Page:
David Nixon’s new ballet for Northern Ballet is magical and mystical – just don’t go expecting a Disney-like ending.
It can’t be easy to create a ballet from a fairytale story that features many scenes under the sea, but with this world premiere production of The Little Mermaid David Nixon makes it look effortless.
Based on Hans Christian Andersen’s classic story, The Little Mermaid follows Marilla’s journey from mermaid to human as she sacrifices her life in the ocean in an attempt to be with the one that she loves Prince Adair. Unfortunately, it doesn’t quite go to plan, with Marilla learning about the pain of unrequited love.
David Nixon’s creative and lively production is wonderfully fluid from beginning to end, particularly during the early scenes set under the ocean and the way in which the illusion of the mermaids are swimming around is really effective. But it also captures the main message of Hans Christian Andersen’s original story that manages to strike a powerful chord when it is clear things aren’t going Marilla’s way and she is rejected by Prince Adair twice.
It is clear through Nixon’s effortless looking choreography that a lot of time and care to get each movement right, particularly during the ocean sequences reflecting the flow of the water, really takes the audiences to the depths of the under water world. Meanwhile, the choreography that takes place above the sea level is lively, playful that really conveys the story well. The occasional sequence does go on for slightly too long – particularly the wedding scene which could have been trimmed down slightly as it begins to distract from the story as a whole. But the majority of the time the story is strongly conveyed through the dancing.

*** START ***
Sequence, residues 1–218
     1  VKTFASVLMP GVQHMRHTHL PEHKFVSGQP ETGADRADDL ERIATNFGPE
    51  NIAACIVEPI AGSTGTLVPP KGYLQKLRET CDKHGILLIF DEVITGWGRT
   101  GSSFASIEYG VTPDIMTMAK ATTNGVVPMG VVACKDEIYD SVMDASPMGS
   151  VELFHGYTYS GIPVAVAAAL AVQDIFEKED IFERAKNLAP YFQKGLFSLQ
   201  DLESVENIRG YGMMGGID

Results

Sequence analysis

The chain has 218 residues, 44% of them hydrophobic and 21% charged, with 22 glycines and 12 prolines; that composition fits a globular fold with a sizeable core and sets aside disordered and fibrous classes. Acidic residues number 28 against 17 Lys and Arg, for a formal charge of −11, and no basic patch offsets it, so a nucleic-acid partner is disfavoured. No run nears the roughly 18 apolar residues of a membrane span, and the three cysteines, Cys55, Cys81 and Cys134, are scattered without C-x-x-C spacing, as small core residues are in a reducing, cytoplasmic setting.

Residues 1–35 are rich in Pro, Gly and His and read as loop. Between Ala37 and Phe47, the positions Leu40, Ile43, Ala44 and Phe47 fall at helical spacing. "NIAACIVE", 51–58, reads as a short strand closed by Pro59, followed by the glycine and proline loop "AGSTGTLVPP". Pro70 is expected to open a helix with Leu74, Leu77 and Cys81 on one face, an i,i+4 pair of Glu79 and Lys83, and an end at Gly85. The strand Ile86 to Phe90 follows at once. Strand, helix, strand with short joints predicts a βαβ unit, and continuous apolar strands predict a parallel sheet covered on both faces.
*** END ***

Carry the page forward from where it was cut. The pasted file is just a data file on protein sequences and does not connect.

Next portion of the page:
Enhancing the mystical and magical world that the audience is drawn into is Sally Beamish’s score, which although has the occasional moment in which it can sound a little bit clunky, for the most part captures the twists and turns of the story effectively. It has many different layers to it such as being filled with drama during the storm scenes, before transforming to playfulness to reflect Marilla’s personality, keeping the audience invested in the many different elements to the story.
The Northern Ballet dancers are consistently beautiful to watch – elegant, graceful and passionate in a way that allows the audience to completely immerse themselves into the story and the music. Abigail Prudames is particularly delightful as Marilla, light and elegant on her feet with a wonderful exuberant and childlike personality that works wonderfully well for the character.
Meanwhile, Kevin Poeung as Dillion the seahorse is enthusiastic and charming whose performance adds playfulness and light hearted fun to the story, while Joseph Taylor as Prince Adair and Dreda Blow as Dana are perfectly matched, complimenting each other’s performances together well.
Those expecting a Disney-like ending this production are in for a bit of a surprise, but it is excellent to see a very realistic and faithful adaptation of a fairytale brought exquisitely to life by the Northern Ballet.